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These chicken chips are much denser than the processed poultry you'd find in other fast food nugget-type items, but not unpleasantly so, with the breading itself doing the heavy lifting with regard to any crispiness. Imagine pounding a standard chicken nugget flat with a tenderizing hammer, run it through the fry-o-later a second time, and you've just about got a naked chicken chip. They tasted fine, and despite their density didn't feel heavy. I ate mine with a spork to ward off greasy fingers, but there's nothing wrong if you want to dive in to these things fingers-first. They're served with tiny cups of nacho cheese (the sort that Taco Bell serves with every other menu item) and a spicy ranch dip that, between the two, was a much better compliment to the "chips."

In the middle of the list, at $4, are the mini quesadilla nachos. They're the least inventive of the Cantina-unique items. What we have here are a few quesadillas made on smaller-than-usual tortillas, sliced into sixths, and topped with ice-cream-scoop lumps of sour cream, guacamole, and salsa. Shrink down any of the quesadillas you've ever had, and yeah, that's about what you've got right here. Mini? Yes. Quesadilla? Most definitely. Nachos? Not in any meaningful sense, no.

Finally, we get to the cheapest menu item of the bunch, the $3 cheesy jalapeño dipper. Lo and behold, this was damn good by pretty much any standard, much less fast-food standards. What you get are two skinny-looking burritos that have been crisped up on their tops and bottoms with a quick squish in a panini grill. Instead of the gloppy meat-and-bean mess that goes into the usual Taco Bell burritos, there's a delicious mix of cheese, bacon, and shockingly flavorful jalapeños. These were right on that line for me, spice-wise, but I'm a wuss about heat, so your mileage may vary. That said, the balance of tastes and textures—between the almost imperceptible mild cheese, the chewy smokiness of the bacon chunks, the crisply fresh acidity of the peppers, and the flaky give of the tortilla, to say nothing of the rock bottom price-point—makes this something I can wholeheartedly recommend. My only criticism would be that the amount of sour cream that came on the side was not quite enough for my dipping needs.

  Cheesy jalapeño dippers deliver an unexpectedly solid balance of flavors.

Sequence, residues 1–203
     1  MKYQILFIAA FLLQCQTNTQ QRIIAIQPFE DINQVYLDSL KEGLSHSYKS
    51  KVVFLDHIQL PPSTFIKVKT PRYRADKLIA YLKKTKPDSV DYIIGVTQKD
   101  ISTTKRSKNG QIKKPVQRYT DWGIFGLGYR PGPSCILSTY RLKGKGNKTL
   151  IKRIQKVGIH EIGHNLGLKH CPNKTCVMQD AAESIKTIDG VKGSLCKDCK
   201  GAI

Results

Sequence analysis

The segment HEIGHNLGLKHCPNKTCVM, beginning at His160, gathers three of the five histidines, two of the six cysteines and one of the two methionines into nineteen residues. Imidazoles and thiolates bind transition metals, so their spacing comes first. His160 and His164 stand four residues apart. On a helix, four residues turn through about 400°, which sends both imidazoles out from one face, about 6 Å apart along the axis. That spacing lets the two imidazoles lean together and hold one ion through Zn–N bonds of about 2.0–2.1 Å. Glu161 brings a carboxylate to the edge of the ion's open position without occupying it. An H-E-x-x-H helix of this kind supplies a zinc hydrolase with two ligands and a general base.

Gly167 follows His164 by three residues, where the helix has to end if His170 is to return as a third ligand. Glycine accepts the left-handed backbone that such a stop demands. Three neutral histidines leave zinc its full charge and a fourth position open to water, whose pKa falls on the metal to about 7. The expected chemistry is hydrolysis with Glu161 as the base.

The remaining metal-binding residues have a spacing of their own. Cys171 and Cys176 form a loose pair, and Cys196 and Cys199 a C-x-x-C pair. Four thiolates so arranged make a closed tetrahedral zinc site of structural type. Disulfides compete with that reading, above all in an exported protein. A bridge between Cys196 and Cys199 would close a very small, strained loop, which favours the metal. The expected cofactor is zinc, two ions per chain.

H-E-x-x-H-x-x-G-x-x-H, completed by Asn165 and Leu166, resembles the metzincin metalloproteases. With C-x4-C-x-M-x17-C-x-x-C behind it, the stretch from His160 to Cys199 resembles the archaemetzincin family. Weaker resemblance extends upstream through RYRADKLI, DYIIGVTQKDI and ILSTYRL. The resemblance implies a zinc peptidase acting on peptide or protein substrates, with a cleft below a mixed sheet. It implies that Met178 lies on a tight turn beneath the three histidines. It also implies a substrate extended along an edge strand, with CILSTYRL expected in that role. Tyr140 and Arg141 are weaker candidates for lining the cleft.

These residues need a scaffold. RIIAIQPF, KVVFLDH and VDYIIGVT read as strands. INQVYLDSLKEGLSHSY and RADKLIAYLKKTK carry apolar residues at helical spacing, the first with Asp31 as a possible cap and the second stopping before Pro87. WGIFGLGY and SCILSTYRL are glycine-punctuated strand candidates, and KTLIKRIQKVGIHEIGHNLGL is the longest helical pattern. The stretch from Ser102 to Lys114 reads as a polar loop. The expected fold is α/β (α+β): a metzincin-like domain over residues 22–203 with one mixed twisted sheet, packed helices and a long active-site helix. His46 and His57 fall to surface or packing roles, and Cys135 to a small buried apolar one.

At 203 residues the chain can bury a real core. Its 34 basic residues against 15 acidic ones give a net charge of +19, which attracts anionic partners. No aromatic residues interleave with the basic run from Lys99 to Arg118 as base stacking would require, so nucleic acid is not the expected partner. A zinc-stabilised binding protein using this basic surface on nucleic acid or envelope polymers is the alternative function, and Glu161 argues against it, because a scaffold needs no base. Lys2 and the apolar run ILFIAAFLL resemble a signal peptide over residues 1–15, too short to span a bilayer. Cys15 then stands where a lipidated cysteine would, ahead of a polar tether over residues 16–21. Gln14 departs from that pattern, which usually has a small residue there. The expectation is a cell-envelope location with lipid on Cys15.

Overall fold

Cheesy jalapeño dippers deliver an unexpectedly solid balance of flavors.

Based on the "Shareables" menu categorization, and presumably the eventual addition of alcohol to the menu offerings, Taco Bell is clearly making an interesting play with these Cantinas. It seems the State Street Bell wants to become a destination where customers will actually sit and stay for a while, as opposed to inhaling a lonely Doritos® Cheesy Gordita Crunch or two in the wee small hours before hitting the road. It has yet to be seen if Taco Bell will be able to sell this idea well enough to elevate itself above the Chipotle and Qdoba locations a short walk away on State Street.

Alcohol will help, but that's still in some uncomfortable limbo. Madison Mayor Paul Soglin has made it his mission to keep any more establishments near campus from getting liquor licenses, through a series of bizarre one-license-at-a-time crusades. In December, Soglin vetoed the Cantina's license, and the Madison Common Council  later upheld that veto.

Despite all that, an orange liquor-license application placard still sits optimistically in the Taco Bell Cantina's window. Employees, gesturing towards the three flavors of presumably boozed-up (and presently verboten) Mountain Dew slush spinning away in their chilly dispensers behind the counter, still believe alcohol is absolutely on the way. When I asked one employee when they expected the location to start serving alcohol, I got this jaunty clap-back of a reply: "When the man starts running for governor." So until Soglin becomes sufficiently distracted by his (all but assuredly doomed) bid against Scott Walker, or succeeds in shutting the Cantina down, at least we can still enjoy these cheesy jalapeño dippers.